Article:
Updated: March 7th, 2016 7:04pm
Updated: March 7th, 2016 7:04pm
By: Daniel House
By: Daniel House
The University of Minnesota hosted their annual pro-day in front of over 28 NFL scouts who were evaluating the local talent in the area. Golden Gophers Eric Murray, Briean Boddy-Calhoun, De'Vondre Campbell, K.J. Maye, and Peter Mortell highlighted the athletes who participated. In addition to players from the University of Minnesota, athletes from Augsburg, Augustana, Macalester, Minnesota State-Mankato, and North Dakota rounded out the small schools. Additionally, the Vikings brought over 15 staff members to the practice including GM Rick Spielman, head coach Mike Zimmer, and assistants Pat Shurmur, Hank Fraley, George Stewart, Mike Priefer, Adam Zimmer, Andre Patterson, Jerry Gray, Kevin Stefanski, George Edwards, Jonathan Gannon, and
Robert Rodriquez. The amount of scouts in attendance at this pro-day rose from 17 last year, to 28.
The players went through the 40-yard dash and the field of players was narrowed from roughly 40 to 24. Those who remained went through the broad/vertical jump, 20-yard shuttle, and individual positon drills. Several of the University of Minnesota players, including Eric Murray, Briean Boddy-Calhoun, and De'Vondre Campbell participated in field workouts, but didn’t run the 40-yard dash. Each of them were already pleased with the times they posted at the NFL Scouting Combine two weeks ago.
Maye is a full participant
Gophers wide receiver K.J. Maye was a full participant in all of the drills. He ran a 4.55 40-yard dash, and coupled that with a 33” vertical jump. Maye ran routes during a drill by Vikings wide receiver coach George Stewart. The workout tested his footwork off the line of scrimmage. He didn’t drop many passes, but his small size (5’10”), coupled with his average speed will likely cause him to go undrafted. However, that leaves him with plenty of flexibility as he searches for a team in need of a slot wide receiver.
Campbell does some DL drills, loves Mike Zimmer
Gophers linebacker De’Vondre Campbell looks the part as he boasts his 6’5”, 240-pound frame. He certainly has plenty of versatility and even took part in some of the defensive line drills today. His footwork was really good, but he didn’t have that quick burst coming out of break. In fact, Mike Zimmer repeatedly voiced that to him during the positional drills. However, he is a project that could be developed with the right coaching. When asked about potentially joining the Vikings, he really liked the idea of being coached by Mike Zimmer.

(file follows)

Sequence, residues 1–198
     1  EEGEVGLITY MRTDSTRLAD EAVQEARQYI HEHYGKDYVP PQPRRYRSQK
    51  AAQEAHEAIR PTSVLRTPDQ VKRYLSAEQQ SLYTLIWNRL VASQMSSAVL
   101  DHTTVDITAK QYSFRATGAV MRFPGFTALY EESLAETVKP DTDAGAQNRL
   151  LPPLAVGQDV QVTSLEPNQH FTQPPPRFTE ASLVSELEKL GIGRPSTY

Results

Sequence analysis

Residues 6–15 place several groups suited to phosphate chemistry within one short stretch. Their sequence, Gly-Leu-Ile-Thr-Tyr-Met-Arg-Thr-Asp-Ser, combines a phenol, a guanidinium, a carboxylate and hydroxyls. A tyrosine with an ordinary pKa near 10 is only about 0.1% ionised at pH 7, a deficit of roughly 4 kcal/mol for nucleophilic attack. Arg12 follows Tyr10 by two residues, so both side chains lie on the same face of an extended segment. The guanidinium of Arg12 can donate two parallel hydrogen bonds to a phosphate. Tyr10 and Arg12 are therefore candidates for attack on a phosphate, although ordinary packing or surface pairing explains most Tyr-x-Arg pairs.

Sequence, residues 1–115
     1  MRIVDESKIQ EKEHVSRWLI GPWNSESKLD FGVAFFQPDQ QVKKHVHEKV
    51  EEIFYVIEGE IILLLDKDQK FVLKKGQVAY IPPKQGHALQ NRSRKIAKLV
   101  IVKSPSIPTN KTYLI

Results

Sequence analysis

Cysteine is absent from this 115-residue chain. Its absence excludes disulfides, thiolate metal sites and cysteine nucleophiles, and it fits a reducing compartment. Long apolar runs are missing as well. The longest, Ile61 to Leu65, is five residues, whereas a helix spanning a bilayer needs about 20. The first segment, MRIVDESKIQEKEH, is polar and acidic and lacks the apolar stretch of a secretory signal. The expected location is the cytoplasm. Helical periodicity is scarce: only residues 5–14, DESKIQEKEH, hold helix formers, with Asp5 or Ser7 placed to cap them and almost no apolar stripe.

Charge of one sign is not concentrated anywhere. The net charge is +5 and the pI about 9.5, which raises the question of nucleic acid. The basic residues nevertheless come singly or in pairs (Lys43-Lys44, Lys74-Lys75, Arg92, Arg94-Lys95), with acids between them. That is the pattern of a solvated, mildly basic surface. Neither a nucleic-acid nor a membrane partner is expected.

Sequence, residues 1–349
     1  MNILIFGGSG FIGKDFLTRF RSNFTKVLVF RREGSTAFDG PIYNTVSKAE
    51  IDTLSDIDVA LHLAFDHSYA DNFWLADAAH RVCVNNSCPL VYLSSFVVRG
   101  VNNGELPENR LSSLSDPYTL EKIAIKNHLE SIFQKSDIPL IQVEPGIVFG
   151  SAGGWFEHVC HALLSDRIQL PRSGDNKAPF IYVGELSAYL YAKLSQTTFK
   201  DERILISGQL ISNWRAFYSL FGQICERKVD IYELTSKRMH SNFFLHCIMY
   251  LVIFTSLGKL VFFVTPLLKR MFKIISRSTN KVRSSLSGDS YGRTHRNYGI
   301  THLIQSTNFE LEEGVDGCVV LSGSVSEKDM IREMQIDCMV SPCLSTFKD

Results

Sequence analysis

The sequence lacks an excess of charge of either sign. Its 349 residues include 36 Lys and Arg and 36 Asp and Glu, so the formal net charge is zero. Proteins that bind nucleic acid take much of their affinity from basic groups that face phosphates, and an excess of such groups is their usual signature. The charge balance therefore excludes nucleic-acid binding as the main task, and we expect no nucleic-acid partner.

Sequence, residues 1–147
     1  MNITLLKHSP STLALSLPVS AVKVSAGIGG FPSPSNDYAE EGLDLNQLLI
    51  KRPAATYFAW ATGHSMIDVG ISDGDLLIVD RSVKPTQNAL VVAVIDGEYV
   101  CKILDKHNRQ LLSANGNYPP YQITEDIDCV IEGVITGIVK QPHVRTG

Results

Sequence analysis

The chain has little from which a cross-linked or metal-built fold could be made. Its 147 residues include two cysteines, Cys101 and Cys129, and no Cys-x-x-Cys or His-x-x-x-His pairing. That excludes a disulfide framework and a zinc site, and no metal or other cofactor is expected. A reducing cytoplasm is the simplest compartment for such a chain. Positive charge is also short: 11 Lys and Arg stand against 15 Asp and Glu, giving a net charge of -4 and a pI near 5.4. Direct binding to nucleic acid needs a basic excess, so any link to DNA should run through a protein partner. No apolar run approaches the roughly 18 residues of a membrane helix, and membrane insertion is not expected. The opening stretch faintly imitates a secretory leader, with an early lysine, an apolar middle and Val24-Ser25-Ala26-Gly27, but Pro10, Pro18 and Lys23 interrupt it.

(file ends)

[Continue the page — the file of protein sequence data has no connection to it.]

“He’s the man, so you want to listen to him. I wouldn’t mind playing for him. He’s a great coach. I love what he is doing over there with the Vikings. You just take coaching from someone like that because you know he knows what he is talking about,” said Campbell.
Campbell decided to participate in defensive line drills as he has been working with a pass rushing specialist leading up to the draft. He sees himself fitting into a 3-4 defense, but wants his athleticism to be used in any way at the next level.
“That’s my prototypical defense. A 3-4 outside backer that can rush the passer, drop into coverage, do everything I’ve done here, plus more.”
Campbell is drawing plenty of interest from NFL teams and many of them took time to speak with him after the workout. He said that between the scouting combine and the pro-day, he has talked to almost all of the teams in the league.
“I talked to just about every team except maybe two or three. There are some teams I talked to more than others, some teams that showed more interest,” Campbell stated.
Gophers cornerback Briean Boddy-Calhoun spent most of his senior season battling injuries, but as the season progressed, he started to feel closer to 100%. Boddy-Calhoun has nine career Big Ten interceptions, but he knows where he needs to improve as he ventures towards a role in the NFL.
“Getting in and out of breaks. Lowering my hips and being explosive out of my breaks,” Boddy-Calhoun said.
The verbiage “DB U” has been flashed during much of Boddy-Calhoun’s career and he attributes this to his work with defensive backs coach Jay Sawvel, along with the complex gameplans of now-head coach Tracy Claeys.